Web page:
Alaska Fish & Wildlife News
Wolverines and Other Mysterious Mustelids
We woke to a chilly May morning in Chugach State Park. We were camping along Eagle River just a few miles from the river’s source, Eagle Glacier. Knowing it would take time for the sun to rise above the surrounding mountains and provide any warmth, a few in our group gathered and began our morning routine. Others remained in their tents, unwilling to rouse themselves from their sleeping bags. We lit camp stoves anticipating warm drinks and oatmeal, and the sound of the river and our stoves blended together.
Movement drew our attention. A dark brown body with a whiteish-gold stripe appeared across a nearby creek. A wolverine. The wolverine crossed the creek and walked just 50 feet from where we sat, still and staring. An instant later the wolverine walked out of view, back into the forest. We sat silently, hoping it might reappear. The forest was still, and after a few moments we were brought back to the sound of the stoves and the river.
Wolverines (Gulo gulo) are the largest terrestrial member of the mustelid family (Mustelidae), a group of mammals identifiable by their long, narrow bodies, elongated skull, and relatively small head. Mustelids are carnivorous mammals with sharp teeth and claws. There are eight species of mustelid in Alaska: fisher, mink, marten, wolverine, ermine, least weasel, sea otter, and river otter.
After breakfast I walked over to where the wolverine crossed the riverbed, excited for the opportunity to see wolverine tracks. The tracks stood out in the glacial sand; five toe marks with claws and a distinct impression of the pad. The tracks moved from the edge of the riverbank into the forest. The wolverine was traveling northwest along Eagle River, but there are many valleys and drainages for the wolverine to roam.
According to David Saalfeld, a research biologist with the Alaska Department of Fish & Game, wolverines have been known to travel up to 40 miles in a day. On average, females travel seven miles a day while males travel between five and 13 miles. Knowing this, the wolverine we saw along Eagle River could have traveled to virtually any corner of Chugach State Park later that same day.
Saalfeld is leading a project to learn more about wolverine movements, habitat use, and population dynamics in Game Management Unit 14C, which includes the Anchorage area, Joint Base Elmendorf-Richardson and Chugach State Park. To date, researchers with this project have collared 14 wolverines. Wolverines are trapped near Joint Base Elmendorf-Richardson during the winter, and as the GPS collars indicate, they travel all over Chugach State Park. The GPS collars send the wolverines' locations at regular intervals, daily or several times a day, whatever the researchers set. The data enables them to track and map the animals movements and use of habitat.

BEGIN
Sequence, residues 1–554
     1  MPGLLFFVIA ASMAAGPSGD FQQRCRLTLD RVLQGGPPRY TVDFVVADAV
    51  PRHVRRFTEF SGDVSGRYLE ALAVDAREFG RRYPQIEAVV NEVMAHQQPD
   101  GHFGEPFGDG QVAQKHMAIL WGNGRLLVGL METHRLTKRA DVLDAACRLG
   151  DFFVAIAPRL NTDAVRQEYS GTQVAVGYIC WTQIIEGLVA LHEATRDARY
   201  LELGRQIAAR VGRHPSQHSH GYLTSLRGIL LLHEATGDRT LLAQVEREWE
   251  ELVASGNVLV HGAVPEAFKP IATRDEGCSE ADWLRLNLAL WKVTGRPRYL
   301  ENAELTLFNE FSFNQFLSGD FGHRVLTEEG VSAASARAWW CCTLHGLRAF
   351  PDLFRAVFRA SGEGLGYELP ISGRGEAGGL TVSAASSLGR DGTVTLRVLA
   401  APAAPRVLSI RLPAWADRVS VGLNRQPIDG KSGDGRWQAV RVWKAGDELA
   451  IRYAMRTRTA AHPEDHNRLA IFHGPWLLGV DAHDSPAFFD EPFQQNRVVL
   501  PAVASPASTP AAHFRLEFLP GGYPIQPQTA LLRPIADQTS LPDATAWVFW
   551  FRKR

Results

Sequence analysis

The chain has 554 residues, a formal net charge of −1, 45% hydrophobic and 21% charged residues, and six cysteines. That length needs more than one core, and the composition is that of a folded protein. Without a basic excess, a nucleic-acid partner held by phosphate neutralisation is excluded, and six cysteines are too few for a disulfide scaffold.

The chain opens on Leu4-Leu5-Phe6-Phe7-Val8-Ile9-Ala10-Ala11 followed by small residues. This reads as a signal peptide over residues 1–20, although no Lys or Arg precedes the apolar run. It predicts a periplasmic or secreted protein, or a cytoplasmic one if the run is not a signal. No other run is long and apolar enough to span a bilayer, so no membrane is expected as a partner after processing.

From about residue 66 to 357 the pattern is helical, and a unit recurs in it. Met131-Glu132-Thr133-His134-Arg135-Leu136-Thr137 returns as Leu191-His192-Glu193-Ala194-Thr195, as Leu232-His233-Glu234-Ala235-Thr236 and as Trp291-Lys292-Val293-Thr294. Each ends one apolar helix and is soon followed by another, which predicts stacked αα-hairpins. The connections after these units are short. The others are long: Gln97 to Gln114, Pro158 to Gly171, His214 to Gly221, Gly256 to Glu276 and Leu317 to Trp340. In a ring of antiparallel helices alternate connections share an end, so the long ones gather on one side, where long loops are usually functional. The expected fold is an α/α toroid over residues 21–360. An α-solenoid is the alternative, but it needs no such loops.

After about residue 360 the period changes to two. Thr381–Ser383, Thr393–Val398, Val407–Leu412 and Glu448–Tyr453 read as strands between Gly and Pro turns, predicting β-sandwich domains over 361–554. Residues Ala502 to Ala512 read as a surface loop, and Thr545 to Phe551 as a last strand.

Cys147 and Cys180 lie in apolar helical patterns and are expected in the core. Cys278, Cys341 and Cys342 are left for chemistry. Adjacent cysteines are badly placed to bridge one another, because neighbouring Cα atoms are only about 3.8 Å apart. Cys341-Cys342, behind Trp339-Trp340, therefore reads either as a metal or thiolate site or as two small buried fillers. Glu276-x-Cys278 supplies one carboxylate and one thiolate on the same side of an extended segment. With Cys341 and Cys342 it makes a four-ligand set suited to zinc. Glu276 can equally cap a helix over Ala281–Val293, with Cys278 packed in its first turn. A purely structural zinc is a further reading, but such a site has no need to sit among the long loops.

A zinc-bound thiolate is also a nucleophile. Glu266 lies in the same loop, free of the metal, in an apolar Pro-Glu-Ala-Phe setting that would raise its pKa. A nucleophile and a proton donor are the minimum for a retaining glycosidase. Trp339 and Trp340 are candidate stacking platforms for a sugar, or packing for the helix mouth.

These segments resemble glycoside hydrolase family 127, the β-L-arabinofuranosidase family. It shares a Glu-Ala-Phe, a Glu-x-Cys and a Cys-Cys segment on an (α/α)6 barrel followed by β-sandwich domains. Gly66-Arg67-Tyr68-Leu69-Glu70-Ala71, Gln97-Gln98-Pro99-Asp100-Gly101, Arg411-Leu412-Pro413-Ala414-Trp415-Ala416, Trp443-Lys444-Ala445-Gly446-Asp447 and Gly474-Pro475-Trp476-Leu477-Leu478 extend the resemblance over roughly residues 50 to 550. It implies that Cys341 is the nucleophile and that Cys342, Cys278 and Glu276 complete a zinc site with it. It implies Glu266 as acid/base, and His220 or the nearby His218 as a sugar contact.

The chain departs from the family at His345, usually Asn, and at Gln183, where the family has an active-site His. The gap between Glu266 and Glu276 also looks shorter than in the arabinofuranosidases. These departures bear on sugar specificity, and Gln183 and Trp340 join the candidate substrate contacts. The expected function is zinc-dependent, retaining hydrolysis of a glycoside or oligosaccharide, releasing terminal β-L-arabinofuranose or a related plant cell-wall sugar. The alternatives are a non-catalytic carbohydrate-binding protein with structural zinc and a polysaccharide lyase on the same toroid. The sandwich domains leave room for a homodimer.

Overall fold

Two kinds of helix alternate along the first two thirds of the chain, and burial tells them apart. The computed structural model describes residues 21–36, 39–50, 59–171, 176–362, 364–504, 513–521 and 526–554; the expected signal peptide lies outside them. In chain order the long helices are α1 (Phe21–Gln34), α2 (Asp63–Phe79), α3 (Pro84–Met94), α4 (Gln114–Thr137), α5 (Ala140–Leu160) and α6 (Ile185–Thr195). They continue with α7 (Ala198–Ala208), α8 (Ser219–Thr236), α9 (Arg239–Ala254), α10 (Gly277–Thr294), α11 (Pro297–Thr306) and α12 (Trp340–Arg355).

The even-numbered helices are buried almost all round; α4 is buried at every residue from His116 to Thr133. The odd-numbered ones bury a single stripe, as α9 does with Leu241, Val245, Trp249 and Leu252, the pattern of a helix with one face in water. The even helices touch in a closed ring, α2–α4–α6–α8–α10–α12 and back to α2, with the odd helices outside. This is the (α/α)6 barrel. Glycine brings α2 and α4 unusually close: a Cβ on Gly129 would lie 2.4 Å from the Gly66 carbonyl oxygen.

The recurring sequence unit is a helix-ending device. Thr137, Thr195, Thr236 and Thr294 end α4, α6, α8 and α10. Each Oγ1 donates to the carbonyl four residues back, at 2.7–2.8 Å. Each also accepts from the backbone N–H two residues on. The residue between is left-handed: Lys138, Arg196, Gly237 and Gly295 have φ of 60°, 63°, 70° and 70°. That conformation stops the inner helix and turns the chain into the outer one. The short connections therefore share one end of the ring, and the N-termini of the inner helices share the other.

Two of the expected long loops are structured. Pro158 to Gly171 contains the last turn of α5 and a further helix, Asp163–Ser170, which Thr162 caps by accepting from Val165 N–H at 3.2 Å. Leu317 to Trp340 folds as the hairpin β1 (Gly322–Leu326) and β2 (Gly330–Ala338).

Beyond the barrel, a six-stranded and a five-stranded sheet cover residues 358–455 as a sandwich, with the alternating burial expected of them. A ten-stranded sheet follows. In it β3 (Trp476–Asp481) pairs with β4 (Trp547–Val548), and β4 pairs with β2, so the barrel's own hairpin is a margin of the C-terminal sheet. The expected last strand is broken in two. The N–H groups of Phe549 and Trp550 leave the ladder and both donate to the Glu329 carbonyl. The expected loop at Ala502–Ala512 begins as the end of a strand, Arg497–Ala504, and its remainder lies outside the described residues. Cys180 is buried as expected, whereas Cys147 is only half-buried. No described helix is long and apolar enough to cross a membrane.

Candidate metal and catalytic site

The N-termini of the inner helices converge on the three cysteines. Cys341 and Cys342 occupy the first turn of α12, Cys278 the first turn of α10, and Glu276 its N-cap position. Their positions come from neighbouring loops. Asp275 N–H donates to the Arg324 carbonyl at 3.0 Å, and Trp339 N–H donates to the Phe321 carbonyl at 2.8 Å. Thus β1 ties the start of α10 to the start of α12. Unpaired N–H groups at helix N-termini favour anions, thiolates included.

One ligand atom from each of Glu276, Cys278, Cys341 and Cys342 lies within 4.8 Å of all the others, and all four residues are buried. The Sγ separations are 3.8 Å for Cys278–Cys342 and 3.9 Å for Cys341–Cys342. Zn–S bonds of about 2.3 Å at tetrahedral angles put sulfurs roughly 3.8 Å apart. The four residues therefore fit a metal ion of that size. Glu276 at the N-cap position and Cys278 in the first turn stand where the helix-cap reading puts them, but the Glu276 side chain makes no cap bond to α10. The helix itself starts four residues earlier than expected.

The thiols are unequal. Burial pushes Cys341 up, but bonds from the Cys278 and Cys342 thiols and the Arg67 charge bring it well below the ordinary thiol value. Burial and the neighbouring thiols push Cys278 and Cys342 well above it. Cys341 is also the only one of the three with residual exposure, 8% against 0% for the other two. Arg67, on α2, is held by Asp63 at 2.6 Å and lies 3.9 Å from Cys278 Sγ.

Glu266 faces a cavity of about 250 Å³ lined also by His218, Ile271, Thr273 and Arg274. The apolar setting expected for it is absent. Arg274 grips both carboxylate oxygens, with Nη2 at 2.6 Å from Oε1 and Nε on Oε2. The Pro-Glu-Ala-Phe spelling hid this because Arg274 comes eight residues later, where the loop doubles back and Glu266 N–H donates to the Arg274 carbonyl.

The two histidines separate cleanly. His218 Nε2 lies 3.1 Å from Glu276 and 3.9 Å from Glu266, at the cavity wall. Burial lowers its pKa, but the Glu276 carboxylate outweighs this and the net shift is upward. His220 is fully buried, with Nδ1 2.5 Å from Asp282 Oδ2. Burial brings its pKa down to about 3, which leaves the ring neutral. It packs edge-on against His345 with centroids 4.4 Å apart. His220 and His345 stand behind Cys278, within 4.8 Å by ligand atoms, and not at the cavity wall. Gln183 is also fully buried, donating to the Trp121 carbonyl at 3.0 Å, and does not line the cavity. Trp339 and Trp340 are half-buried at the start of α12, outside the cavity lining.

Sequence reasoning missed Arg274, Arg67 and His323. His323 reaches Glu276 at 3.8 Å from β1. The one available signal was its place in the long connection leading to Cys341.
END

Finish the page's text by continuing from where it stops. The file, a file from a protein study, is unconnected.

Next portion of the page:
Most wolverines live to be five to seven years old in the wild, but some are known to survive to 12 or 13 years old. Females rarely produce a litter of kits before they are three years old. Wolverines might have a litter of two to four kits in the spring, but by fall typically only one to two of the kits will have survived.
“Monitoring wolverine populations is important because there are many user groups interested in wolverines,” Saalfeld said. “Wolverines are prized not only by trappers but also wildlife enthusiasts.”
The map below shows the movements of seven collared wolverines Between January and March, 2023, each identified by color. Most of the animals have fairly distinct home ranges (many overlapping) and virtually all the movements are within Chugach State Park and Joint Base Elmendorf Richardson lands. Note that Male W5 (in red, ranging east to the Eagle River drainage) and Male W3 (green) tend to range much farther than the females. Note also that females W1 (yellow) and W4 (light blue) each made a brief foray south at some point before returning to their main areas of use in the home range.
Tracks in the snow
The following year I was skiing along Peters Creek in Chugach State Park on a cold but sunny day in March. Fortunately, it was midday and the sun had risen above the surrounding mountains providing some much-appreciated warmth. As I skied along the valley floor, I noticed a set of animal tracks paralleling my path. In areas where the snow was hardened by the wind the tracks were very clear. The size and shape of the tracks, as well as the location and time of year made identifying them straightforward. Wolverine tracks.
I skied alongside the tracks and followed their path. The tracks meandered a bit but traveled with purpose and efficiently navigated terrain features. Following animal tracks will never get old, and oftentimes tracks and game trails provide efficient routes through terrain. When it was time to part ways with the wolverine’s trail I wondered if this could be the same wolverine I saw the previous spring. What a journey that must have been.
More on wolverines
Stay tuned for the next issue of Wild Wonders Magazine that tells a story about another mustelid named Ferocity and follow along as she goes on her own journey. The issue will be available this Fall.
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